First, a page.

Even with the neurotoxin-shortened season, 2016 has been a good year to be a commercial crab fisherman. “It's better than it's ever been,” says Fisherman's Wharf-based crabber John Mellor, who has been gathering Dungeness crab from the waters outside the Golden Gate for 37 of his 53 years.
Mellor believes efforts to clean up the once-brackish bay — where larval crabs begin their life cycles — have helped local Dungeness become some of the healthiest on the West Coast.
And for the record: Even the neurotoxin-laden crabs, poisoned with domoic acid after feasting on an algal bloom that warm weather and still winds failed to dissipate last year, were healthy. (The same can't be said about the seals or seabirds that ate them.)
But while scientists are still squabbling over whether it was climate change caused by carbon emissions that kept the ocean waters still and warm long enough to grow the bloom — at the same time rain and snowstorms were steered away by a ridge of high pressure, fueling the drought — CO2 may pose a mortal threat to Dungeness after all. In a study published in the journal Marine Biology, scientists found that ocean acidification — which is a byproduct of carbon emissions — can kill off crab larvae, by preventing the formation of the hard shells needed to survive.
And ocean acidification is already well underway. Just ask local oyster farmers, who, more than a decade ago, saw as much as half the population of young oysters die off mysteriously. The culprit turned out to be the pH levels in the sea. Oyster farmers have started growing more seed — oyster larvae — to compensate, but scientists warn that “upwelling,” currently seasonal wind patterns that allow more acidic ocean water to rise up to coastal areas where oysters and crabs live and reproduce, could become year-round by 2050.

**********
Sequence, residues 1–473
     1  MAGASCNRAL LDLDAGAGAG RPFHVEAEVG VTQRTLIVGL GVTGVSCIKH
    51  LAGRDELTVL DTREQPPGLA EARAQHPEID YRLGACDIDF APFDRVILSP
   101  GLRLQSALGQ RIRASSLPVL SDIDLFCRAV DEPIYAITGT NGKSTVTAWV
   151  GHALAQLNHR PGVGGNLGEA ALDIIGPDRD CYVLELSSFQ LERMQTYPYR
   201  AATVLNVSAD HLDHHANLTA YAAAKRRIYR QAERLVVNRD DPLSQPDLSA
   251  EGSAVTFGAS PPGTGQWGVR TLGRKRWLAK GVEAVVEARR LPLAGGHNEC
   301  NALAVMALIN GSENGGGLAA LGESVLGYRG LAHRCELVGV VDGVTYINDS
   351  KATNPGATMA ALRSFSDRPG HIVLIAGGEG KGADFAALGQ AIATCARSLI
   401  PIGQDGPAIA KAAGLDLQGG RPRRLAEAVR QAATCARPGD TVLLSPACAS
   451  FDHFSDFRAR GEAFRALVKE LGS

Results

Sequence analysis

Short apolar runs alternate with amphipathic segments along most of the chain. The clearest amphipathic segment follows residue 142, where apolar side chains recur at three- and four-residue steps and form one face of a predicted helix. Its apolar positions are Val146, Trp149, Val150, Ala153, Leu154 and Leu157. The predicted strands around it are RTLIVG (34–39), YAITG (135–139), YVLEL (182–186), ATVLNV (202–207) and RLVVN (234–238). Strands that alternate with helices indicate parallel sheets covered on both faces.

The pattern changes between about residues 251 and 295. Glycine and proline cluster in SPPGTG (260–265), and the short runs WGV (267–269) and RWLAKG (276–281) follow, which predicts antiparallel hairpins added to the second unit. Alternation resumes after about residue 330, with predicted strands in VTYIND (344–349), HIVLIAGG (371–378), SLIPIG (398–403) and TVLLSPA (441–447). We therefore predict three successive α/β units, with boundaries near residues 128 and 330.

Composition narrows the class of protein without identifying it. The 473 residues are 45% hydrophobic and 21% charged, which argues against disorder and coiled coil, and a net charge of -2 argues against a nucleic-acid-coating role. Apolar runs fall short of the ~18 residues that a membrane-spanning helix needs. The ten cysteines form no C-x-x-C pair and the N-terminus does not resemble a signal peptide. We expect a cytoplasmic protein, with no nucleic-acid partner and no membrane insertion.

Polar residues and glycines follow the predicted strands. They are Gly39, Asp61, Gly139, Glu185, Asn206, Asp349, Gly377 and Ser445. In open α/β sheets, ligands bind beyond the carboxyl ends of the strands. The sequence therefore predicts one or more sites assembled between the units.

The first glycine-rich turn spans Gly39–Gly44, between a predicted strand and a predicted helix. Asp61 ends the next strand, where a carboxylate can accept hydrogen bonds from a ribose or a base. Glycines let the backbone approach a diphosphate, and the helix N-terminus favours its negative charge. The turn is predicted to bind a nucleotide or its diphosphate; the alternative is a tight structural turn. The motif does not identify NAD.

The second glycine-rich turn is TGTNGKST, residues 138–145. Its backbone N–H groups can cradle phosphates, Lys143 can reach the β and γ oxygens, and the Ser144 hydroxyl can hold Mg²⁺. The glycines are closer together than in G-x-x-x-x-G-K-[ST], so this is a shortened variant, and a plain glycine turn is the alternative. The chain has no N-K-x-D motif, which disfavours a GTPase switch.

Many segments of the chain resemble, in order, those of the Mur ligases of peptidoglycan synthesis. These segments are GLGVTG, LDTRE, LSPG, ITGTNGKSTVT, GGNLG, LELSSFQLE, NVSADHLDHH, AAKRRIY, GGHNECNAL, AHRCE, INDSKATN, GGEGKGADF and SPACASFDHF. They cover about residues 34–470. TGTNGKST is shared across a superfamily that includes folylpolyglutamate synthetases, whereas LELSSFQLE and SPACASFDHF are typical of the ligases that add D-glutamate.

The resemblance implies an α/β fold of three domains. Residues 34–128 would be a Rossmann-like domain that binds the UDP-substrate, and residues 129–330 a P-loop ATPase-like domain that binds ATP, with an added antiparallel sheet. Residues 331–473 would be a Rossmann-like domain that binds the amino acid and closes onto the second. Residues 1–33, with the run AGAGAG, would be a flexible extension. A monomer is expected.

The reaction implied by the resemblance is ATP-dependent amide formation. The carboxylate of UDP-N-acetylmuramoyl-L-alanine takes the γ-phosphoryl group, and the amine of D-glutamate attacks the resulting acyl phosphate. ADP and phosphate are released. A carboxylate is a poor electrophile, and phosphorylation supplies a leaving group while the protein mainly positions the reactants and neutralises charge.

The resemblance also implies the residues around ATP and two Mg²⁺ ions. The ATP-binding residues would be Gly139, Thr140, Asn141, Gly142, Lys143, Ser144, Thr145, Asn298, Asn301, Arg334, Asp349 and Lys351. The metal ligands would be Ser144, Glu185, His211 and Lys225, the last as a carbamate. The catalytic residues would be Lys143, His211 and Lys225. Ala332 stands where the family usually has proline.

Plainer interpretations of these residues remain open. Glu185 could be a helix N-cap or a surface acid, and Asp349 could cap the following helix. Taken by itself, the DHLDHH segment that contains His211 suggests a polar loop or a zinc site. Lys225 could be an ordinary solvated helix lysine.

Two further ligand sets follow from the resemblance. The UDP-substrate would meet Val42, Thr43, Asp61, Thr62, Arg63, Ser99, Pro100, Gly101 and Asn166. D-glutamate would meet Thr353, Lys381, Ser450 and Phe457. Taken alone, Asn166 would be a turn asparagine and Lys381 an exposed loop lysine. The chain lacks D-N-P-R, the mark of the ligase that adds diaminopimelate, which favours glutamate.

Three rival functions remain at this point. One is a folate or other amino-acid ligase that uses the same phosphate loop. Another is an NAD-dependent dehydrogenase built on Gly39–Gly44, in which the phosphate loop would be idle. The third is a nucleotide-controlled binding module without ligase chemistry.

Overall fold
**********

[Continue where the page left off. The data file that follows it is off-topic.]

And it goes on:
There are a few factors working in the favor of crabs (and the humans who love to eat them). The at-risk crabs in the recent study were in the Puget Sound, a heavily populated area where ocean water is already naturally acidic. And the Pacific Ocean, which is vast, can absorb a lot of carbon — but that's also part of the problem.
The Pacific Rim is full of developing countries that are burning coal to power new cities and industries. And, according to a 2012 study from the Center for Ocean Solutions, even the cleaned-up bay is acidifying.
“The ocean can only support so much carbon,” says Mellor, who recently traveled to Washington, D.C. to help convince lawmakers to study the issue before it becomes a real problem that sneaks up on crab fishers and consumers in the same way the domoic acid situation did — with two weeks' notice. “You really don't see what's going on in the [deeper] levels … you don't want to be in a situation where, two to three years later, there suddenly aren't any crabs.” Which is exactly what happened with the oysters.